Warren County Now Over 430 Confirmed Cases, One New Death Added

0
219

WARREN, Pa. – Warren County nearly matched the confirmed COVID-19 cases it had from March through October in a single day Sunday.

According to the Pennsylvania Department of Health COVID-19 Dashboard data update Monday, the number of cumulative confirmed cases in the county increased by 59, a single-day high. From March 24 through Oct. 31, the county had a total of 60 confirmed cases.

The county’s previous single-day high of new confirmed cases was 33.

With Sunday’s increase, the county now has a cumulative total of 435 confirmed cases. The county’s cumulative confirmed case count has increased by 196 in the last week. On Nov. 29, Warren County had 239 confirmed cases.

The state data update also reflected one new COVID-related death report, on Dec. 2 according to the dashboard. Your Daily Local confirmed with Warren County Coroner Melissa Zydonik Sunday that there were three COVID-related deaths in the county last week.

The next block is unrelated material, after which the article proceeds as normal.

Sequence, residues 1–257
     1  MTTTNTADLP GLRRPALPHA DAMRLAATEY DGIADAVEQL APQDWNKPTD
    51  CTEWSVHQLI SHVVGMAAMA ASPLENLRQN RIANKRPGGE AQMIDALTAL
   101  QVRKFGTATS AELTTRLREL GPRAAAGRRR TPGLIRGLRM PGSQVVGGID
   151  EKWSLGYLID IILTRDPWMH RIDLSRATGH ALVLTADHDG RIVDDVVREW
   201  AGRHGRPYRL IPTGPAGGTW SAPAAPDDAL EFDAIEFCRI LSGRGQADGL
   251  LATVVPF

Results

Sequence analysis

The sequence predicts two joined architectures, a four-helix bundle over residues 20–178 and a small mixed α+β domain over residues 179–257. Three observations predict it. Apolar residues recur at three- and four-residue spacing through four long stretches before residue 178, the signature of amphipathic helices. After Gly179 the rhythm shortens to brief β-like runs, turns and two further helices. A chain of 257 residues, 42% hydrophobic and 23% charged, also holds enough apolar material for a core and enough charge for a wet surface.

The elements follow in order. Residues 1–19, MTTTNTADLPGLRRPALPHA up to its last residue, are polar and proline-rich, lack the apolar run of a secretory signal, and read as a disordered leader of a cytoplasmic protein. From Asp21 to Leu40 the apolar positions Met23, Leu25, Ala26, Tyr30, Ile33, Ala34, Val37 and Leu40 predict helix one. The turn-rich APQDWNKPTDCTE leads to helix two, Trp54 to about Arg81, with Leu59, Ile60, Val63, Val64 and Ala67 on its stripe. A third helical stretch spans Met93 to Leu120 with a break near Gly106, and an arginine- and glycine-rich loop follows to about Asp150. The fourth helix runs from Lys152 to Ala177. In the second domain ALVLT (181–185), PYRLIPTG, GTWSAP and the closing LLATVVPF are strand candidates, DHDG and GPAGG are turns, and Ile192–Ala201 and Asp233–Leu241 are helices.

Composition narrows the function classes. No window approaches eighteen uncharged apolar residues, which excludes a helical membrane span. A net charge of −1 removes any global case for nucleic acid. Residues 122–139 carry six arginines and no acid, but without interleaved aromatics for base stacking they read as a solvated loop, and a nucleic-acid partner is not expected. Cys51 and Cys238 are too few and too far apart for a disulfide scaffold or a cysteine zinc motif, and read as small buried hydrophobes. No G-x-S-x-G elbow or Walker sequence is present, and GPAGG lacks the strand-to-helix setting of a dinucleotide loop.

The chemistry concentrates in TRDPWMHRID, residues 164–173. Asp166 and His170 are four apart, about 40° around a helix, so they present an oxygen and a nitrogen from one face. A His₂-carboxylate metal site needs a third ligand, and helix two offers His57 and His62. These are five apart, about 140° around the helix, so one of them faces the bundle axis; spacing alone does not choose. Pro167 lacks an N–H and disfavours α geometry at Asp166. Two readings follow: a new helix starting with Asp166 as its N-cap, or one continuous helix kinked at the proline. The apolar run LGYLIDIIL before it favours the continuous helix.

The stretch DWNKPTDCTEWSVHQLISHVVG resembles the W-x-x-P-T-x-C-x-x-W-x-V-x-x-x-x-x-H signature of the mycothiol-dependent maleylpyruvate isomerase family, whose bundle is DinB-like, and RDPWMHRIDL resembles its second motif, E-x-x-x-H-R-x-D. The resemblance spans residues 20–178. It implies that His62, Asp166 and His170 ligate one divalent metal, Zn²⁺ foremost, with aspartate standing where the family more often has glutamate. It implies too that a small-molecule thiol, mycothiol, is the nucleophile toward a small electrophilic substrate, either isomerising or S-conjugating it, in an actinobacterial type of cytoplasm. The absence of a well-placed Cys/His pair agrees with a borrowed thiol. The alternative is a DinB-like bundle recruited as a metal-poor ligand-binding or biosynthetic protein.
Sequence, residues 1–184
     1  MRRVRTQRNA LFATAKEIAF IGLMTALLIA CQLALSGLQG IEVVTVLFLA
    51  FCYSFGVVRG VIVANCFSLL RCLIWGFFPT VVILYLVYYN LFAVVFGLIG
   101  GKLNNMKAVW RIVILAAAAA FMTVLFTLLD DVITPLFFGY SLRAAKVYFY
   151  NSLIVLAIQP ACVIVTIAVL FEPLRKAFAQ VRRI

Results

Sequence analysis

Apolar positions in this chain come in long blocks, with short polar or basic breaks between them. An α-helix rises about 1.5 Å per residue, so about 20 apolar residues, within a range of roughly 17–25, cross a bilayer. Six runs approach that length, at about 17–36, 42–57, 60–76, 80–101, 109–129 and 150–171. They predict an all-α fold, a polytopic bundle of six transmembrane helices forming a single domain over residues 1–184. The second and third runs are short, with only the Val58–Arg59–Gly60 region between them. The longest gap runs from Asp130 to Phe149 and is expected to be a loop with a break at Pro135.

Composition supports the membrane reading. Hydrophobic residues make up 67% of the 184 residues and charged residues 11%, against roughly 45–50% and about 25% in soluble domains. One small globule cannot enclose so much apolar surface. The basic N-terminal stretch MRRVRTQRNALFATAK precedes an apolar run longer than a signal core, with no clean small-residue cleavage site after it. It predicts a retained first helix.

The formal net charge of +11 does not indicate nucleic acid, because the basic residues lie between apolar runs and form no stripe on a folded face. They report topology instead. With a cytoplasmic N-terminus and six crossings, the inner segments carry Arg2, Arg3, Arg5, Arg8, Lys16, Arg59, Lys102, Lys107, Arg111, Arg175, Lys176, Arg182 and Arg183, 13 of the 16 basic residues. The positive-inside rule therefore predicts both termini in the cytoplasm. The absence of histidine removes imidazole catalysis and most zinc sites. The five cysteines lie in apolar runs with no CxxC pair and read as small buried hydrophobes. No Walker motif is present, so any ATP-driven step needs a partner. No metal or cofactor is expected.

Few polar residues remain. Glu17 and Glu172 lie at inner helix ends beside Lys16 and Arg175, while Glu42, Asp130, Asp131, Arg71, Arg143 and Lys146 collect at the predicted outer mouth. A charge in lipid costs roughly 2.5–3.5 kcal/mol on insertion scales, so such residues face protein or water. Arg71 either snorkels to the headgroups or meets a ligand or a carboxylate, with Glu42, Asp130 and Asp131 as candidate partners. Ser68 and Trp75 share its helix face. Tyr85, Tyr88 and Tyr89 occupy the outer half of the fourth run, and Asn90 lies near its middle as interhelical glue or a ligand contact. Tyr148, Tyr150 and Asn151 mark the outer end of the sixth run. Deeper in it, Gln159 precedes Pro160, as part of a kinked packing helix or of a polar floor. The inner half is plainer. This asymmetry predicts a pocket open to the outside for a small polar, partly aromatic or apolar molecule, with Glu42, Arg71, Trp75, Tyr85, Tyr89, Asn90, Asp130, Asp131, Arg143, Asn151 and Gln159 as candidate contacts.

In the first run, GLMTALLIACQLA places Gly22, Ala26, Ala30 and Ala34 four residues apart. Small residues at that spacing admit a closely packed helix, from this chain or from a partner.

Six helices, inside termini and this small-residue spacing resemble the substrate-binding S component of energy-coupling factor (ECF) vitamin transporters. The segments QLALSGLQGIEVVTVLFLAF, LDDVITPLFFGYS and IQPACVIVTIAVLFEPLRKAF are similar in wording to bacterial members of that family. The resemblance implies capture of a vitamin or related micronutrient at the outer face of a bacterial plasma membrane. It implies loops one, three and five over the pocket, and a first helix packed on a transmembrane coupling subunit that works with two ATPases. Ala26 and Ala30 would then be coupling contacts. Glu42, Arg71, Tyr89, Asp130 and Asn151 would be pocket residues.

Warren County remained in the “Substantial” Level of Community Transmission, according to Monday’s update. Cameron County (“Low”) is the only county across the Commonwealth not in the “Substantial” level.

The state introduced the transmission levels in July as a way to measure community spread of COVID-19. The tiers are based on incidence rate per 100,000 residents and PCR percent positivity over a 7-day period.

Those counties with “low” levels of community transmission have less than 10 incidents per 100,000 and less than five percent PCR positivity. “Moderate” levels are between 10 and 99 incidents per 100,000 or five to 10 percent PCR positivity. Those with “substantial” transmission have 100 or more incidents per 100,000 or more than 10 percent PCR positivity.

The cumulative case count, up to 267 with probable cases, includes those cases the state considers “recovered.”

A case is considered recovered “if a case has not been reported as a death, and it is more than 30 days past the date of their first positive test (or onset of symptoms) then an individual is considered recovered,” according to the Department of Health.